Solving the Iran nuclear puzzle

Diplomats took an important step towards resolving the Iran nuclear crisis in the recent Geneva negotiations. U.S. politicians need to refrain from actions that could squander this important opportunity. The American public expects our political leaders to listen to military and regional experts, but some of U.S. politicians have instead chosen to put our national security at risk to scoring cheap political points. This is dangerous and not what Americans want.

There is a difference between healthy skepticism with Iran and a dangerous dismissiveness. Iran has clearly shown that it is taking these talks seriously. The Geneva talks were preceded by a series of positive signs: a meeting between Secretary of State Kerry and the Iranian nuclear negotiator, the election of a “moderate” new president in Iran who campaigned on improving relations with the West, and an historic call between President Obama and Iranian President Hassan Rouhani, breaking thirty-four years of silence. 

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In Geneva, Iranian and Western negotiators discussed an initial agreement that freezes Iran’s most dangerous nuclear activities. Negotiators will meet again tomorrow, and hope to move one step closer to a comprehensive deal. 

The Geneva talks show what can happen when we give diplomacy a chance. U.S. diplomats and our allies believe the opportunities for a peaceful resolution of Iran’s nuclear program are greater than ever. This revival of nuclear diplomacy is all the more important because the alternative – war with Iran – poses significant risks to U.S. interests in the Middle East.

Unfortunately, some members of Congress have written off this important step towards a peaceful resolution and are already moving to undercut future negotiations. Some in Congress are pushing for new sanctions, a slap in the face to the first effort in decades by Iran to operate under international oversight and laws. And Rep. Trent Franks (R-Ariz.), backed by fringe group of lawmakers, recently introduced a bill to authorize the U.S. to preemptively attack Iran. Sen. Lindsey Graham (R-S.C.) is poised to introduce a similar bill in the Senate.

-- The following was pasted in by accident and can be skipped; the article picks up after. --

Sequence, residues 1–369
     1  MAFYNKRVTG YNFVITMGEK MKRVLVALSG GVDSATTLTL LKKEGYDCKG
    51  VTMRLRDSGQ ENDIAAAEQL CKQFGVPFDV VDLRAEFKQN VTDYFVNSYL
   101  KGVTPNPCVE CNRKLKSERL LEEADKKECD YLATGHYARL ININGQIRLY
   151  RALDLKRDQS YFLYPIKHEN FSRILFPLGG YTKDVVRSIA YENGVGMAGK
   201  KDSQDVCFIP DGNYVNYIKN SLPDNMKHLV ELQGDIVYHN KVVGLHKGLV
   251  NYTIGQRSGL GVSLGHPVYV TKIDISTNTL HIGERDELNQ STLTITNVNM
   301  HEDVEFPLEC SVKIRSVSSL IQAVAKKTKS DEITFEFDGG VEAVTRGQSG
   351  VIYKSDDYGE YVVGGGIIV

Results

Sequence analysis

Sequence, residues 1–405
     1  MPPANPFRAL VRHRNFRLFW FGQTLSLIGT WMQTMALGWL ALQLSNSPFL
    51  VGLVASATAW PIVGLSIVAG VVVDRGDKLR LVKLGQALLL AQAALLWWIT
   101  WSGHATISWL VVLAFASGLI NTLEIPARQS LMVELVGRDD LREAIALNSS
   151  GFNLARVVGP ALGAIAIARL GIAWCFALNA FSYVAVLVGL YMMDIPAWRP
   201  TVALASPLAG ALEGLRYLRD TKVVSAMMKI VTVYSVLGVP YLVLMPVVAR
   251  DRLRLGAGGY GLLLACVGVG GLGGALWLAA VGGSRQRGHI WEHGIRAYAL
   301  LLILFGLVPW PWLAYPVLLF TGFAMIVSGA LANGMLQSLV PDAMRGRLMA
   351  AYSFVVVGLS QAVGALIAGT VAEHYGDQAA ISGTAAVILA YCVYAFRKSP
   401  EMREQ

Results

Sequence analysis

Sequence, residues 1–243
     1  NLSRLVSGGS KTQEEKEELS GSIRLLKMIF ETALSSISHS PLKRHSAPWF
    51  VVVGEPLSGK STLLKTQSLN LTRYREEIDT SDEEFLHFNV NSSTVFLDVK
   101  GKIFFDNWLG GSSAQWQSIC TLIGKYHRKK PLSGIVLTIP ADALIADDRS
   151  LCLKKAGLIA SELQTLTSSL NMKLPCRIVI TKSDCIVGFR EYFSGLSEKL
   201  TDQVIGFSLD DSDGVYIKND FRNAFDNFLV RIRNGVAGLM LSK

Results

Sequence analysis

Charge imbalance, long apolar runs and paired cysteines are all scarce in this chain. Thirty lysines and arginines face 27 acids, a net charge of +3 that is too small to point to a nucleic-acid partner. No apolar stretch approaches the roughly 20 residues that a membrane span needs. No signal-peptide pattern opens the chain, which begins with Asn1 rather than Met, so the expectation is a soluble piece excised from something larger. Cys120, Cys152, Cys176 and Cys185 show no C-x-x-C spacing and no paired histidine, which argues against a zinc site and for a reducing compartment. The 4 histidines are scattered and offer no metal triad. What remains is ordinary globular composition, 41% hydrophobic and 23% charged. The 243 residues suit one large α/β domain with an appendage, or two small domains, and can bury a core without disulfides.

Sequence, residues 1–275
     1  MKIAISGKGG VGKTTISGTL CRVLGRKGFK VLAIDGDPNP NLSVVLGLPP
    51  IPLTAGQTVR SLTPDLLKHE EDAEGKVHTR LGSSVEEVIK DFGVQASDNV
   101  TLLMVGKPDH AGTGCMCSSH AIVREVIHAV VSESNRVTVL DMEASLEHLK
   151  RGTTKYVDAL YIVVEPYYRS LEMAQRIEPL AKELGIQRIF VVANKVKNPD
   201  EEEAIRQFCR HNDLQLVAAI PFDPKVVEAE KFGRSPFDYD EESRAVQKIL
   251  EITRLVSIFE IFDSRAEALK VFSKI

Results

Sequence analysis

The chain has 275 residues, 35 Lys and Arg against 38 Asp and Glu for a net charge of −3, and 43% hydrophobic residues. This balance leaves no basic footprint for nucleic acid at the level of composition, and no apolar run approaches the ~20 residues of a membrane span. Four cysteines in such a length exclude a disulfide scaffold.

If we have learned anything from this past decade, it should be that America suffers when politicians use calls for war to score political points.  Americans understand this, as shown by the public’s strong opposition to the use of military force against Syria. Americans’ preference for a diplomatic solution to the Iran nuclear challenge has also remained clear and consistent over time.  

The American people have it right. As General James Mattis (ret.) former CENTCOM commander, recently noted, “the military can buy our diplomats some time, but it cannot solve this problem.” Ultimately, the only long-term solutions to these security challenges, will be political solutions, achieved through diplomatic negotiations.  

Portraying military action as the easy way out is irresponsible, unwise and wrong. Air strikes would almost certainly begin a new war in the Middle East, with retaliation against Israel.  They also run the very real strategic risk of driving the nuclear program underground and uniting Iran, which has not yet decided to pursue a weapon, behind an active effort to obtain nuclear weapon out of self-defense. In short, military action would not only fail to prevent a nuclear Iran – it would make a nuclear Iran more likely.

As nuclear negotiations move forward, the U.S. must make every effort to test Iran’s willingness to accept transparent, verifiable limits to its nuclear program.  

But war with Iran comes at a high cost – something that military leaders and the American public fully understand. We’d all be much better served in our political leaders spent more time listening to voters and our generals and less time posturing on issues so central to our nation’s national security.

Blunt commanded the 97th Army Reserve Command and has been awarded the Distinguished Service Medal. He served with the U.S. Army Corps of Engineers and held the career designator of Atomic Energy Officer and has been a registered nuclear engineer for over 40 years.